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    The City of Kerch and Its Surrounding area

    With a sizeable population and spread over a large area, the town of Kerch bears little resemblance to other Crimean places. That said it does offer good touring possibilities for those with cars, as you can easily reach four major marine areas, namely the Black Sea, the Kerch Strait, the Sea of Azov, and the Sivash, plus some dozen of so lakes with supposedly curative waters. Each has its own salinity and temperature levels, and, more importantly, its own special collections of fish.

    People come here primarily to visit friends and relatives, hence there is no visible difference between the tourists and the locals. Numerous archaeologists work happily in the area (if you can call working with a pick and a shovel in the hot sun bliss). Up to twenty expeditions can be present here during the season, some with diving equipment in search of sunken treasures.

    Some 26 centuries ago the antique Bosphoran Kingdom was a large and strong state. Its treasures are exhibited today in the Hermitage and the British Museum. Despite this, Kerch and its neighborhoods have little to offer tourists, just a small exhibit showing the King's burial mound, the crypt of the ancient Greece goddess Demeter (showing some unique frescos), a portion of the archaeological dig on Mount Mithridates, where the capital Pantikapeus was situated, and other digs of subordinate cities like Tiritaka, Nimpheus, and lluratum. The small local history museum gives some idea of what this place was like in the past, but dozens of archaeological objects remain out of sight of the public. That said, the number of tourist sights increase from year to year.

    The church in the city centre is in excellent condition. The Temple of John the Baptist was built in the 8th century and it is one of the most ancient temples in the whole of Eastern Europe. In fact, Christianity came to the Crimea immediately after the temple had been constructed. It is highly probable, that the Apostle Andrew the First Summoned, visited this land during his travels through the Caucasus and Scythia. Some of the people who listened to Jesus from Nazareth are said to have come here too.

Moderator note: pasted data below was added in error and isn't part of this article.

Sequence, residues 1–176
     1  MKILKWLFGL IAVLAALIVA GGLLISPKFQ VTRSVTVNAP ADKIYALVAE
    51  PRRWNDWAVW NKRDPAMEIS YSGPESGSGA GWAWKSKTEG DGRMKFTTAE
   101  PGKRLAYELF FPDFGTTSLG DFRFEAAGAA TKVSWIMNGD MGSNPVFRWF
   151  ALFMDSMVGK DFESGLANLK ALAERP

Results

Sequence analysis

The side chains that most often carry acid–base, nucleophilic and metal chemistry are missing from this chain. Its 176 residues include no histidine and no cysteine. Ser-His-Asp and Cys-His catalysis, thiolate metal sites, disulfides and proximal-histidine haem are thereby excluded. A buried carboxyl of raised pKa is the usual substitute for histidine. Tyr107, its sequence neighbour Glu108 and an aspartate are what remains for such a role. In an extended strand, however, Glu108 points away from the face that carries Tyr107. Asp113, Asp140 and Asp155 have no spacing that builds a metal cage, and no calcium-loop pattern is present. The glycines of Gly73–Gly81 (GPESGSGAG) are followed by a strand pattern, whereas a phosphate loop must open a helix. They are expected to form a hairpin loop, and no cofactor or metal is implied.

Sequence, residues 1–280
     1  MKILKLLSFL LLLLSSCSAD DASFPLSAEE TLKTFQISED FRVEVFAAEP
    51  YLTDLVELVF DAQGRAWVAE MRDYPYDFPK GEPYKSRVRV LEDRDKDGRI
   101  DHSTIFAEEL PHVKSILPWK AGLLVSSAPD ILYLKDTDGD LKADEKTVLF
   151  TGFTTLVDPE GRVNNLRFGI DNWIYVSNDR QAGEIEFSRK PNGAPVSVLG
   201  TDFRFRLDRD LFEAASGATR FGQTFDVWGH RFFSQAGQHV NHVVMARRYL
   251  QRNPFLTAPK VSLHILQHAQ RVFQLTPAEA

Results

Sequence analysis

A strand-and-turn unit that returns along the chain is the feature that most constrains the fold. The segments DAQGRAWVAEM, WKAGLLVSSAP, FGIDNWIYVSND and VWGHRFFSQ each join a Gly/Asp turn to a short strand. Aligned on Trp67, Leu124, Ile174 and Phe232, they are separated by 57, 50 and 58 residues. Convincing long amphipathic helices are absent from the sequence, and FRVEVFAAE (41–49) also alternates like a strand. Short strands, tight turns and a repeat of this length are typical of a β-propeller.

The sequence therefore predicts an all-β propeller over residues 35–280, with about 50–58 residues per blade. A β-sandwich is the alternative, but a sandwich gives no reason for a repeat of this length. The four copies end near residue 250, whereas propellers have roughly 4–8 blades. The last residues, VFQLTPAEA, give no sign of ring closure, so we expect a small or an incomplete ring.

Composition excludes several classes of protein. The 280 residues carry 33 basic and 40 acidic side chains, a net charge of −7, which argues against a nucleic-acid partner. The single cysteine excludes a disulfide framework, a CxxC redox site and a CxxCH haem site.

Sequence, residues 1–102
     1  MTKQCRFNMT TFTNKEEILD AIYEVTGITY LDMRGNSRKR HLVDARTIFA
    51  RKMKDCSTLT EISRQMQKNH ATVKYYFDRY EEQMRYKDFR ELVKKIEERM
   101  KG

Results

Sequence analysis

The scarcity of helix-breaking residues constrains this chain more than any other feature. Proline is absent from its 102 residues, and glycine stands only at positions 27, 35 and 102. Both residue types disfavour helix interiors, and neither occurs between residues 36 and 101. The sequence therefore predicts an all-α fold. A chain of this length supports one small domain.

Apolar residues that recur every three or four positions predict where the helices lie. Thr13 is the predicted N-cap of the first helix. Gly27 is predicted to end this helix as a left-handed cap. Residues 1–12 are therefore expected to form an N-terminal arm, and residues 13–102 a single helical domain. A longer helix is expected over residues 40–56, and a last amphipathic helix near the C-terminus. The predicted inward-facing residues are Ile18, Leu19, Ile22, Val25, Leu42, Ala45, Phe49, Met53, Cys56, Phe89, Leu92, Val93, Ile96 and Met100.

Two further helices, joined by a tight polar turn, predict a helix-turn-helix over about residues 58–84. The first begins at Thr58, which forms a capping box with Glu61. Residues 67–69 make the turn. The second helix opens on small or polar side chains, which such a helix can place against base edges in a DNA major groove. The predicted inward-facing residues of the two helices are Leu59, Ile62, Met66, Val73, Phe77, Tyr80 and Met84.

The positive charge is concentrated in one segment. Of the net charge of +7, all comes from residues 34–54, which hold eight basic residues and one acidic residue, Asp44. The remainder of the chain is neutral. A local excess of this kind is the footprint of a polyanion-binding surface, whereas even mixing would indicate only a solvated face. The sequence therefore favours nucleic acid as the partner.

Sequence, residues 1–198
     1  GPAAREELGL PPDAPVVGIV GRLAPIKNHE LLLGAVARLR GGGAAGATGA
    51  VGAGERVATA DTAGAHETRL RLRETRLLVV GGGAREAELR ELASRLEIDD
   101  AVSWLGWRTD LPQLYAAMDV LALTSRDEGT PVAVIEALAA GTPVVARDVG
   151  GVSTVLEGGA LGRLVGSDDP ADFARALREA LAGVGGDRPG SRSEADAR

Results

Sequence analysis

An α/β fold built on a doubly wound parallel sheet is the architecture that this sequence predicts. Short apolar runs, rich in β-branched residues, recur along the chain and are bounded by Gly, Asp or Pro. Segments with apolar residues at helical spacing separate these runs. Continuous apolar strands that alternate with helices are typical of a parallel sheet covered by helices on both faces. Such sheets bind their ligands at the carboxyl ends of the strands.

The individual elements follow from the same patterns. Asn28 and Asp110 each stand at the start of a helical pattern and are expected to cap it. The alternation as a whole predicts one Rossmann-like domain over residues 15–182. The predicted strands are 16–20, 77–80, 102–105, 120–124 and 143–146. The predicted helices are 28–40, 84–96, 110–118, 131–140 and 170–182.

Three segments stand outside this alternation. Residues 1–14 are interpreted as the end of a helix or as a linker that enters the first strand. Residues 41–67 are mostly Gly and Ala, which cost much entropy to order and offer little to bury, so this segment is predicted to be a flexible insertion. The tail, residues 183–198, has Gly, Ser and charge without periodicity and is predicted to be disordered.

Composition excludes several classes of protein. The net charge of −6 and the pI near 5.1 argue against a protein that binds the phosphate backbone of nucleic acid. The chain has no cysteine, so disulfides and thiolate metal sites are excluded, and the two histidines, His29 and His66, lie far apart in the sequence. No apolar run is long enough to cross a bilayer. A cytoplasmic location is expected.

The Eni-Kaleh Fortress (the name means a new fortress") was build by the Turks on the coast of the Kerch Strait, at its narrowest point. The construction of the fortress progressed rather slowly and was only completed in 1703. French engineers supervised the work.

    The dramatic pages of the history of the Great Patriotic War (WWII) are displayed in the museum of the defence of the Ajimushkai Quarries , the Arts Museum, and the Museum of the Eltigen Landing Operation.

    According to both Homer and other authors of antiquity, Achilles, the hero of the Trojan War, was born on the coast of the Cimmerian Bosphorus (the Kerch Strait). In his honour, local fans of ancient valour hold the Achilles Games. The main mountain that towers over Kerch gained its name from the Pontic King Mitridates VI the Conqueror (132 - 63 BC) who owned the lands on both coasts of the Black Sea and who clashed with the Roman Empire. On this mountain, surrounded by enemies, he met his end. The Roman historian Cicerone, after learning about Mitridates' fate, deemed him the greatest of the rulers with whom Rome had ever been at war .

    Following the seizure in 1475 of all the Genoan colonies, the Turks permitted those who came from Italy to live in villages on the Kerch peninsula. Before the Soviet era, the Genoese communities here had been numerous, and kept their links with their parent state. They exchanged many of their young people for trade or naval education. Stalin's regime deemed them as colonizers, and persecuted them. There are some dozen or so of their deserted villages in various parts of the peninsula, and some interesting ruins remain. Italian tourists visit the cemeteries to see the graves of their ancestors.

    Cape Kazantip , reaching northwards far out into the Sea of Azov, is an exceptionally interesting place. The Kerch landscapes are not the same as those on the southern coast, there are no bright colours and lush floral tints, but the land forms contain some amazing and bizarre rock formations. If you look closely you will discover new features in this wild, deserted, and somewhat out of this world landscape.

    A decision had been made by the authorities to build a nuclear power plant on Cape Kazantip, on the coast of the salty lake Aktashski. The construction was stopped by the energetic efforts of the Crimean environmentalists, who even resorted to hunger strikes to make their case. The town of Shcholkino is named in honour of the academician Kirill Ivanovich Shcholkin (1911 -1968), who studied at Simferopol University, and later became the father of the soviet nuclear bomb and, naturally, also of atomic power.


    Published on: 04/09/2005
    It is read: 2104 times

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